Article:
The purpose of this study was to clarify the properties of functional filler-containing pit and fissure sealants (FS). Seventy-two specimens were prepared and divided into three groups of three resin sealants ( S-PRG filler-containing FS, DELTON and Teethmate F1-2.0) and one glass-ionomer sealant (Fuji III LC). Each of six discs (6 mm in diameter ×3 mm in thickness) was used for 24-h, 4-week and 12-week experiments. Diametral tensile strength (DTS) and ion release were measured. S-PRG FS and Delton showed high values of DTS (23.2 MPa and 23.5 MPa, respectively) after 24 hours of storage. The DTS values of each sealant remained relatively constant. A large amount of fluoride was initially released from the sealants. However, fluoride release did not influence on DTS. S-PRG filler-containing FS released large amounts of strontium, boron and fluoride ions. Filler-containing sealants release large amounts of ions, contributing to antibacterial effects.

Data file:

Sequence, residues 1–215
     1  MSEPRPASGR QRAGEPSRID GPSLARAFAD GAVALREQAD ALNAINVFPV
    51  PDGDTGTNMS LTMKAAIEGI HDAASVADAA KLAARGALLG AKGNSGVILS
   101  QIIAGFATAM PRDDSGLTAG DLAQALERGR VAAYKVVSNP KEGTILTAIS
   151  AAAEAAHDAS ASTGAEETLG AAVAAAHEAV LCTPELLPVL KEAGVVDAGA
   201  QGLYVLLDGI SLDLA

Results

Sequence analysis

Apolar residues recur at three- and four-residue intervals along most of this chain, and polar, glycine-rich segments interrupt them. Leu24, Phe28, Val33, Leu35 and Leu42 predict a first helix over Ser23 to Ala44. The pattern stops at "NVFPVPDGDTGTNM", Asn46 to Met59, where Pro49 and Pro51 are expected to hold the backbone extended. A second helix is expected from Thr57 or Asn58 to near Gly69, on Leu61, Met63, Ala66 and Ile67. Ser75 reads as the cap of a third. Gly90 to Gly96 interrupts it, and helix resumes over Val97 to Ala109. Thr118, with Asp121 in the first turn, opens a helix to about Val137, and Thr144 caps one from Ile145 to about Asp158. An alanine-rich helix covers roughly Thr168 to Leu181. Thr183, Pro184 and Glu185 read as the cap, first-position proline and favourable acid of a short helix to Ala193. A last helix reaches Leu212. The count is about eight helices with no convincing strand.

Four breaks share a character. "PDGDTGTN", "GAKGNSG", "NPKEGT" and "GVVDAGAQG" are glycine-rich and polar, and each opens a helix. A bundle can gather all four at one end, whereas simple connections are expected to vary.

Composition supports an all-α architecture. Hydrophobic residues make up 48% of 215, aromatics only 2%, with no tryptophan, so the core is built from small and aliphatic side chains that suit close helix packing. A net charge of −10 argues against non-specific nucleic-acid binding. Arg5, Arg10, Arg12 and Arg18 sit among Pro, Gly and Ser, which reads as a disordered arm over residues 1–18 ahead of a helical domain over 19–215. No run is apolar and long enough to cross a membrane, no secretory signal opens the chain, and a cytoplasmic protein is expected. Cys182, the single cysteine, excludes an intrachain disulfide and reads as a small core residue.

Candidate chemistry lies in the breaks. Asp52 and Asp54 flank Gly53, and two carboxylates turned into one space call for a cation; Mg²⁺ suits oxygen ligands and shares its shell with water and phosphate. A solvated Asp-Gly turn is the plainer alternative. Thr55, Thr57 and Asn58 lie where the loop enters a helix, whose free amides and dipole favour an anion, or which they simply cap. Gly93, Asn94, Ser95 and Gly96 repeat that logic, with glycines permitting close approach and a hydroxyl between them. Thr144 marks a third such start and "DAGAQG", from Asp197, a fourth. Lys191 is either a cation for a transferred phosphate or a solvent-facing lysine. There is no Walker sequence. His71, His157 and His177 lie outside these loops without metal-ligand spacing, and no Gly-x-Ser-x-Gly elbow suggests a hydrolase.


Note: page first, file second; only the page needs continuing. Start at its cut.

Computational analysis for stable conformation of calcium complex of aromatic methacrylate carboxylic acid monomers and the reactivity towards calcium ion were performed by molecular mechanics (MM) and molecular orbital (MO) calculations. Six kinds of carboxylic acid monomers, 4-META, 4-MET, 4-AETA, 4-methacryloxy phthalic acid (4-MPA), 2-(N-methacryloyl amino)terephthalic acid (2-MATPA) and 5-(N-methacryloyl amino)isophthalic acid (5-MAIPA) were studied. The three-dimensional structure with the lowest steric energy of carboxylic acid monomers and carboxylic acid monomer/Ca complexes were obtained by MM calculation. Steric energies of carboxylic acid monomer/Ca complexes were higher than those of carboxylic acid monomers. The energies of highest occupied MO (HOMO) and lowest unoccupied MO (LUMO) were obtained by MO calculations. A energy differences between carboxylic acid monomer/Ca complex and carboxylic acid monomer (ΔE) and energy differences between LUMO of Ca ion and HOMO of carboxylic acid monomers (ΔE') were obtained. A liner correlation was found between ΔE and ΔE'. It is suggested that computational MM and MO calculation will become one of the useful tools for the analysis of chemical substance and the understanding its biological role in nano biomedical field.